Canonical, maker of the popular Ubuntu Linux operating system, opened the door to dual booting Ubuntu alongside the popular mobile OS, Google Android.
Canonical has announced a dual boot feature that supports Android for an upcoming version of Ubuntu. This feature is aimed towards current developers and experienced users, while regular users might not be able to properly with hardware and software setup will likely struggle.
“Installing and running dual boot can be done in a few easy steps,” Canonical posted in a blog. “In a nutshell, it requires performing a one-off installation of the dual boot app in Android, which will enable you to both install the version of Ubuntu of your choice, and to reboot into Linux.”
Switching between each OS requires using a customized app that will quickly execute the change. It’s a great benefit to have an easy-to-use, GUI-based method to switch OSes, as it often previously required command-line entries.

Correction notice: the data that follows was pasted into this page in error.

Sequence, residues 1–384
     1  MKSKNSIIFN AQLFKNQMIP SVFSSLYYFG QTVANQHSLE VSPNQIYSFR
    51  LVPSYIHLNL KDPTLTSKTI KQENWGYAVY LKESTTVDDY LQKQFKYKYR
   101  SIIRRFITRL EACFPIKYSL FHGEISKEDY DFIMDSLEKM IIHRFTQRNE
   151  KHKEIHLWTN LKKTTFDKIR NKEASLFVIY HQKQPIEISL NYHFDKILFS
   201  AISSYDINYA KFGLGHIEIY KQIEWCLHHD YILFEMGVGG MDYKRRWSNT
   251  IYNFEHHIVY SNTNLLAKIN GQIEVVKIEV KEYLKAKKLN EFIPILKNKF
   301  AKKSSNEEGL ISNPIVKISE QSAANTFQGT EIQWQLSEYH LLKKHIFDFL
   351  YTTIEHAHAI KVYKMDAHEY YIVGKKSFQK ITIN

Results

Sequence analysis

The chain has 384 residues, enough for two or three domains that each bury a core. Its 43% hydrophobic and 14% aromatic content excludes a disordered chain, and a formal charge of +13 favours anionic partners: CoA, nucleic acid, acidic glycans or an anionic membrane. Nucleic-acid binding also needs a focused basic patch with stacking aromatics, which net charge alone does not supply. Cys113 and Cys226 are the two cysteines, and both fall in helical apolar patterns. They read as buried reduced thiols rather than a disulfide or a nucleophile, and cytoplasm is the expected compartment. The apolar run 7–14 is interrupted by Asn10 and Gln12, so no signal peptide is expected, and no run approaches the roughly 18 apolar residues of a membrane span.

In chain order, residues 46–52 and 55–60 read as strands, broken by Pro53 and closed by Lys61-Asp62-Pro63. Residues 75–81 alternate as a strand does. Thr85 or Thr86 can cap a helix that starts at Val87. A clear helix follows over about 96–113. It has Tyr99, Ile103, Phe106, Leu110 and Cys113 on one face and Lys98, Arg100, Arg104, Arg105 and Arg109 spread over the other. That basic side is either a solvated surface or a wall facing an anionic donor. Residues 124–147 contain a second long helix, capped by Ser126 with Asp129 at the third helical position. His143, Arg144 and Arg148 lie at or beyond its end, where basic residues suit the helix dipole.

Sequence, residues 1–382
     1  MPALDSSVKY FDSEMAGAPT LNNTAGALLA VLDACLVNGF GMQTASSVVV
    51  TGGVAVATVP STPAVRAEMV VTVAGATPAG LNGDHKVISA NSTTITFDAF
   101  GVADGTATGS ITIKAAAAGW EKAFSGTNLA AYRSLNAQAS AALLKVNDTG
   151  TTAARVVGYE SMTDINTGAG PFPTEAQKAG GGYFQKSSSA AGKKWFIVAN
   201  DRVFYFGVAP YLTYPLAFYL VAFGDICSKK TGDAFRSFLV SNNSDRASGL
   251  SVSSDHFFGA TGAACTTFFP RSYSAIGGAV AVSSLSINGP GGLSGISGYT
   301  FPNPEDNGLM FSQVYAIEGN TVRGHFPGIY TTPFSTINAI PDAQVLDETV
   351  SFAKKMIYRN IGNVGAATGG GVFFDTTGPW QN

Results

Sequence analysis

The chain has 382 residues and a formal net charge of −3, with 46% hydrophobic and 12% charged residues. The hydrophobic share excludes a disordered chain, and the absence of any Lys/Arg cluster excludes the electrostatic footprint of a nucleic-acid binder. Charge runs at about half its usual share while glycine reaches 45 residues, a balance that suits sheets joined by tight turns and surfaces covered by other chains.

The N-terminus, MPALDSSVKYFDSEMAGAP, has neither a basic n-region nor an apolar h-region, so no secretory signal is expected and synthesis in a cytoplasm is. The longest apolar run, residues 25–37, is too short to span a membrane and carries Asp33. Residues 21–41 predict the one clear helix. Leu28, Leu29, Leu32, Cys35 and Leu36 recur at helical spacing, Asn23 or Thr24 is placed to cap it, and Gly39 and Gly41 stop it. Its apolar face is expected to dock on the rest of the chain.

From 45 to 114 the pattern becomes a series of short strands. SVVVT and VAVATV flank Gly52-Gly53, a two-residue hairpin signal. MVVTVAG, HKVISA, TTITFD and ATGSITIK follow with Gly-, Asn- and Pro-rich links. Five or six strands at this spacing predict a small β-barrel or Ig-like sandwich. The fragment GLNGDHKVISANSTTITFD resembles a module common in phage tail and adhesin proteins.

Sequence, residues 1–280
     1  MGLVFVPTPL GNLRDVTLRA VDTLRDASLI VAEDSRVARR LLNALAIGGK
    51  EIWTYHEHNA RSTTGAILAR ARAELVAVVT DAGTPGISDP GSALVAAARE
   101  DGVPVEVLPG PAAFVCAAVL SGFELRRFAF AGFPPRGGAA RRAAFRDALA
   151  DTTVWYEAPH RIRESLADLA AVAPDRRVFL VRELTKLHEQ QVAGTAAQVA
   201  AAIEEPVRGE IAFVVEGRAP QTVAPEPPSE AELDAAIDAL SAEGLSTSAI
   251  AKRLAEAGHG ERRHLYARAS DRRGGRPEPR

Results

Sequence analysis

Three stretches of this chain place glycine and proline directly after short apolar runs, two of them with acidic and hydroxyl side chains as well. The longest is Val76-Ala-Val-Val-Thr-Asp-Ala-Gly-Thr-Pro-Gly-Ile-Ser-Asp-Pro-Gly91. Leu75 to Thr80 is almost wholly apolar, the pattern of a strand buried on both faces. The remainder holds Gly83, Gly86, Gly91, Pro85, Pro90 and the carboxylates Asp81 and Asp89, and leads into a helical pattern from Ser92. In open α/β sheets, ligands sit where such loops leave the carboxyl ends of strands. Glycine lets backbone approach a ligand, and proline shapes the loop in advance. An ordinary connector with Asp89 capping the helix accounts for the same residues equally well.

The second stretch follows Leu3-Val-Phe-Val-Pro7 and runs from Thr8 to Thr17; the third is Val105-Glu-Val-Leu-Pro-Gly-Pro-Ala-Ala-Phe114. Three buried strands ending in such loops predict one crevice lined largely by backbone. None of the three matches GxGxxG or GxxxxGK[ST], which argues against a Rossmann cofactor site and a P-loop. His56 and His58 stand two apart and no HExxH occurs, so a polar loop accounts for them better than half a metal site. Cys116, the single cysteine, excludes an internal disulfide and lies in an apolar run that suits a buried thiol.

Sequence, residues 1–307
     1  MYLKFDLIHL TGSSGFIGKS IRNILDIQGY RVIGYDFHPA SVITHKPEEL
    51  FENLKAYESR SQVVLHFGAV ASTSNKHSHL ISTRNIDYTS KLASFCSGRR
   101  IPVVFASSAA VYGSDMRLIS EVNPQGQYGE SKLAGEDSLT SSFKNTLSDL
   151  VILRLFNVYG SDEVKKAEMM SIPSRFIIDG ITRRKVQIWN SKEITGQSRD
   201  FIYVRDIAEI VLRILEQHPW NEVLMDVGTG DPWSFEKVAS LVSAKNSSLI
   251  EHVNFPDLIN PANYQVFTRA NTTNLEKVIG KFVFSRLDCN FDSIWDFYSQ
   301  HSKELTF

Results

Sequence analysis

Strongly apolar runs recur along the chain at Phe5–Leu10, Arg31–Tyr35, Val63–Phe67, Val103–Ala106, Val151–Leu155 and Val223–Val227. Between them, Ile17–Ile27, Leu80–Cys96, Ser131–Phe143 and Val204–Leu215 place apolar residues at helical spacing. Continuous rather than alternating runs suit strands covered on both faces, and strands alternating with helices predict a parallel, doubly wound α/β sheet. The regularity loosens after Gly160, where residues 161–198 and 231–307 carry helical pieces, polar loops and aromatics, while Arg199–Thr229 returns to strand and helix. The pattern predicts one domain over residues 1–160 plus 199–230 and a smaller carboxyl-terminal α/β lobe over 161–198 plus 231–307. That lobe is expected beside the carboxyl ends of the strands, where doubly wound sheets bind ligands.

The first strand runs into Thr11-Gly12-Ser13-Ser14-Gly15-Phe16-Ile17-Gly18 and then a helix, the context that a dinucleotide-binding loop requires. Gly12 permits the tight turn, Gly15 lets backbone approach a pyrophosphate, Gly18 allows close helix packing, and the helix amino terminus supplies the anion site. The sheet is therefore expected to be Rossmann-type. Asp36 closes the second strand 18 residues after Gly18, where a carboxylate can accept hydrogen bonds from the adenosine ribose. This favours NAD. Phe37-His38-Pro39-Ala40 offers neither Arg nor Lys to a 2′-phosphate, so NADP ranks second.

Home users will want to wait for developers to iron out early bugs, but is a great method for device owners to work in both environments. It will likely take a while before the tool finds his way into Ubuntu directly in the OS, so be patient and wait for future updates.
A Nexus 4 smartphone is required, though should be compatible with other Nexus products, according to reports. Installation instructions and help available here, but don’t attempt it unless you have experience with computer engineering and software development.
Canonical continues to work on Ubuntu, as the popular Linux OS continues to woo Windows users towards open source solutions. Ubuntu, which is a simpler, more consumer-driven OS based off of Debian, is popular among end-users and corporate users that prefer Linux over Windows.